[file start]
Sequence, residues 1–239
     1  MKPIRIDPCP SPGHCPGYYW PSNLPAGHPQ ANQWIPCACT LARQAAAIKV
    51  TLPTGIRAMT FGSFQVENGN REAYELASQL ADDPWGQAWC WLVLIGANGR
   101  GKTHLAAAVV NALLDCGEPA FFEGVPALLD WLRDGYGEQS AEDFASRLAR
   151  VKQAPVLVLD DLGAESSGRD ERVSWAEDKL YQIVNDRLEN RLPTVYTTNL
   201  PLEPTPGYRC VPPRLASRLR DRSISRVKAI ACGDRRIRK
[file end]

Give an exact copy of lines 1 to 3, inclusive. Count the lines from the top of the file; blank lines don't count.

Sequence, residues 1–239
     1  MKPIRIDPCP SPGHCPGYYW PSNLPAGHPQ ANQWIPCACT LARQAAAIKV
    51  TLPTGIRAMT FGSFQVENGN REAYELASQL ADDPWGQAWC WLVLIGANGR